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Last Updated: Monday, 5 November 2007, 17:21 GMT
Mother dies after refusing blood
Emma Gough's funeral
The 22-year-old's funeral took place at Telford Crematorium
A young Jehovah's Witness has died after giving birth to twins, amid claims that she had refused a blood transfusion because of her faith.

Emma Gough, 22, of Telford, Shropshire, gave birth on 25 October. The Royal Shrewsbury Hospital said an internal review into the case would take place.

The twins, a boy and a girl, are healthy and are being cared for by their father, Anthony Gough, 24.

A friend said the family was going through "immense... turmoil and grief".

"We follow the Bible and abstain from blood and I've got no reason to believe that Emma didn't share those views," the friend Terry Lovejoy added.

Because events such as this are so rare, it is normal practice to undertake a full internal review
Tom Taylor, CEO of Shrewsbury and Telford Hospital NHS Trust

Christine Harris, a friend of Ms Gough's mother-in-law Sham Gough, said: "The family have told me that a blood transfusion wouldn't have saved Emma."

Tom Taylor, chief executive of the Shrewsbury and Telford Hospital NHS Trust, said: "We have offered our deepest condolences to the family, and our thoughts are with them at this difficult time.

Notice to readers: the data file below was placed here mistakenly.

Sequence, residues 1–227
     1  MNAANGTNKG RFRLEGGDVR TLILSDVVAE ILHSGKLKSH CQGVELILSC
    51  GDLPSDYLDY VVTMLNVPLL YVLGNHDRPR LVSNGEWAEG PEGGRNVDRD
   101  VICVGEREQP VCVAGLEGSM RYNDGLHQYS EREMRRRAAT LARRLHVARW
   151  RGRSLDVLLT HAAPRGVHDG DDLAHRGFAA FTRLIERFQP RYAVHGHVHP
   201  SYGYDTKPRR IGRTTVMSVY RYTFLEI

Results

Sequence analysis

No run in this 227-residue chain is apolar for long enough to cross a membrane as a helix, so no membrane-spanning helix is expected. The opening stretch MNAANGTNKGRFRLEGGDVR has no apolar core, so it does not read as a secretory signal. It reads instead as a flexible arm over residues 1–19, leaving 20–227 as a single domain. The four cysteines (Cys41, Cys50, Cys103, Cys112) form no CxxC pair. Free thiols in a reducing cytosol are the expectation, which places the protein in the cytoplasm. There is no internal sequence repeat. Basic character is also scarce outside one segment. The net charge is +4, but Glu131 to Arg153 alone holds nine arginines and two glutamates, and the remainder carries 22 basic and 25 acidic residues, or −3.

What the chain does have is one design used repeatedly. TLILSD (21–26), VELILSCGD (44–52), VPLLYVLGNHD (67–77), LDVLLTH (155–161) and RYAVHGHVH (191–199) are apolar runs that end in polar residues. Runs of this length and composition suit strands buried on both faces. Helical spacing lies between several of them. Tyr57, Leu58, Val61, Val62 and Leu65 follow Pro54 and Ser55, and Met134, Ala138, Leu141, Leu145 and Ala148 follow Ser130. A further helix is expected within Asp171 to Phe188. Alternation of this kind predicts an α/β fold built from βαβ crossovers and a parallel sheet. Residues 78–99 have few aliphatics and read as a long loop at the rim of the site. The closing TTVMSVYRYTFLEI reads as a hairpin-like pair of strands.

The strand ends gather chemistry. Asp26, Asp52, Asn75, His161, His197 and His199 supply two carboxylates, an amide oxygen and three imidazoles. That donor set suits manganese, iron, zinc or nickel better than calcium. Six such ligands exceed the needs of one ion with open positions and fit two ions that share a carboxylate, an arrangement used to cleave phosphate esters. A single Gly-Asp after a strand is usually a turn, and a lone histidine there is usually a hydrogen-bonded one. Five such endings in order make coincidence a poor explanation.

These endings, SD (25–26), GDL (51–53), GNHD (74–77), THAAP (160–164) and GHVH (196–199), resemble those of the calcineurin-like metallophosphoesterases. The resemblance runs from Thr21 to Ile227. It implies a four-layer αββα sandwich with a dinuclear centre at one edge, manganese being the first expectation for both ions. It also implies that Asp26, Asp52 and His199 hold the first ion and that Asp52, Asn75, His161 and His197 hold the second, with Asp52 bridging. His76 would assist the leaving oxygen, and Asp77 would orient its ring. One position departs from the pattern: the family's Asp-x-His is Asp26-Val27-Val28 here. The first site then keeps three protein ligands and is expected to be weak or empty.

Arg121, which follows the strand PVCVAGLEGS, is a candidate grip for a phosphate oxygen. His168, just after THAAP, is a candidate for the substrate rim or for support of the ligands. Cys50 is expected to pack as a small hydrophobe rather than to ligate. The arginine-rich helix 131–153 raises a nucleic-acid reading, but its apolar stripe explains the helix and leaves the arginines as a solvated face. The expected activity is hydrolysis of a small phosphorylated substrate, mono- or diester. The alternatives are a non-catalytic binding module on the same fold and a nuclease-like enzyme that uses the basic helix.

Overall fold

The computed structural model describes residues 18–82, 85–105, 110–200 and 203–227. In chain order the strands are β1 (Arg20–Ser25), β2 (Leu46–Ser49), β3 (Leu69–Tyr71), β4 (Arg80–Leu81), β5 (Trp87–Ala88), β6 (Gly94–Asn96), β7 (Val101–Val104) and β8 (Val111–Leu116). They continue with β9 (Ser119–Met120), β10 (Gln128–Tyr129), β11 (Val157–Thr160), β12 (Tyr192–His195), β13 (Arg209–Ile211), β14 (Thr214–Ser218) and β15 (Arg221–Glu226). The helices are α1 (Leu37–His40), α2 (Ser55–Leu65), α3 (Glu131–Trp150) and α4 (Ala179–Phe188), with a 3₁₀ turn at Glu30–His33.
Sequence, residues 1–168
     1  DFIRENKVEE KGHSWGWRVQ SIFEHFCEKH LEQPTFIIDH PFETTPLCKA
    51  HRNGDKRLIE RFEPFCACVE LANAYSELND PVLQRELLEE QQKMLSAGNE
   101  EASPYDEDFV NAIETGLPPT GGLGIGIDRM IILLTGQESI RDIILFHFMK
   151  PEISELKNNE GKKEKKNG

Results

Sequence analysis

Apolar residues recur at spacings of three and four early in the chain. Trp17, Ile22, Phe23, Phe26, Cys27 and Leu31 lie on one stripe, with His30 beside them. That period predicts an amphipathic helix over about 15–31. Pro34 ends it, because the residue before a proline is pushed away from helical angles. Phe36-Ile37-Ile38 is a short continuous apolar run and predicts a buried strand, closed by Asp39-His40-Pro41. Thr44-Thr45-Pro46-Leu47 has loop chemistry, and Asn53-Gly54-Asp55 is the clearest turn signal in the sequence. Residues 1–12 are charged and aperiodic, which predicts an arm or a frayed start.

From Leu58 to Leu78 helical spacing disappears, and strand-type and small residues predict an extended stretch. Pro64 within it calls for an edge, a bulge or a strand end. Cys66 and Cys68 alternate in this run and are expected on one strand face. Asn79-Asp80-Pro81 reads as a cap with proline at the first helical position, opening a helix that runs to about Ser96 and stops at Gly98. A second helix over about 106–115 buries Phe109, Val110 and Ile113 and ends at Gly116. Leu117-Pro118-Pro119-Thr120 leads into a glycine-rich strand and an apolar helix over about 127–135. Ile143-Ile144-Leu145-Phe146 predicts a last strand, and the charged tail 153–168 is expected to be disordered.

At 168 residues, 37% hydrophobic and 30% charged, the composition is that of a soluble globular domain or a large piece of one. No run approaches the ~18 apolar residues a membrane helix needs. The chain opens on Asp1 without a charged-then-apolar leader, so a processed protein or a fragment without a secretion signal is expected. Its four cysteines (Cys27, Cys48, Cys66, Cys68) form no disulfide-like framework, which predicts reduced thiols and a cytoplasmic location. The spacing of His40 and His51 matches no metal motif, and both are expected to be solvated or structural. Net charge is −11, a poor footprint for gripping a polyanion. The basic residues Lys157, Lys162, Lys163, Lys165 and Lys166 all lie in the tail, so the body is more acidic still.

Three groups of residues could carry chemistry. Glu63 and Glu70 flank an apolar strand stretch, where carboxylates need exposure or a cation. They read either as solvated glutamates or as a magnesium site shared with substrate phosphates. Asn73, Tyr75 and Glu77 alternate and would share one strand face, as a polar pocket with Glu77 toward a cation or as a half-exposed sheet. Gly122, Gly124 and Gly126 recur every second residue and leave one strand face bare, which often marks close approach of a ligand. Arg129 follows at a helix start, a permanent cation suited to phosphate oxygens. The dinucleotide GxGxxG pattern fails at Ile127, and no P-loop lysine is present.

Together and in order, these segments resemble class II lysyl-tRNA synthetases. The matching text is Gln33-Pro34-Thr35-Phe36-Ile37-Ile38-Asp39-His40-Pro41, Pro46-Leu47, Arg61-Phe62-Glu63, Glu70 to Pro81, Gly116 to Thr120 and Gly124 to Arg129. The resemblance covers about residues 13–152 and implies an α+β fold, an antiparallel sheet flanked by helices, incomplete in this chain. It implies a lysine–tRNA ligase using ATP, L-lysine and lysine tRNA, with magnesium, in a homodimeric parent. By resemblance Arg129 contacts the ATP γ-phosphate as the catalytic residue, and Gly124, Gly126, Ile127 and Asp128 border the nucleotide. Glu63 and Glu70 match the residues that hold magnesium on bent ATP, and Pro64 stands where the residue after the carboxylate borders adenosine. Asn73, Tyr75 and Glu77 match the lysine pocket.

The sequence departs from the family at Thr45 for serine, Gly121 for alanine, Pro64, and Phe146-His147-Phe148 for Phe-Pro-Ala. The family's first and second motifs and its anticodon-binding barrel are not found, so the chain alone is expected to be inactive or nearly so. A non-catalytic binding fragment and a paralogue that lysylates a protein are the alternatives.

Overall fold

"Because events such as this are so rare, it is normal practice to undertake a full internal review and also to inform the coroner so an inquest can take place."

An inquest has been opened and adjourned for a date to be fixed.

Emma Gough's funeral took place at the Telford crematorium at 1530 GMT.

Jehovah's Witnesses refuse blood transfusions because they believe that God has forbidden it in the Bible. They believe that accepting a blood transfusion is a sin.

Head of Science and Ethics at the British Medical Association, Dr Vivienne Nathanson, said: "If somebody believes that having blood will excommunicate them from their religious beliefs, then they will often say no and accept the risk of death."

Jehovah's Witnesses spokesman on the religious belief about blood

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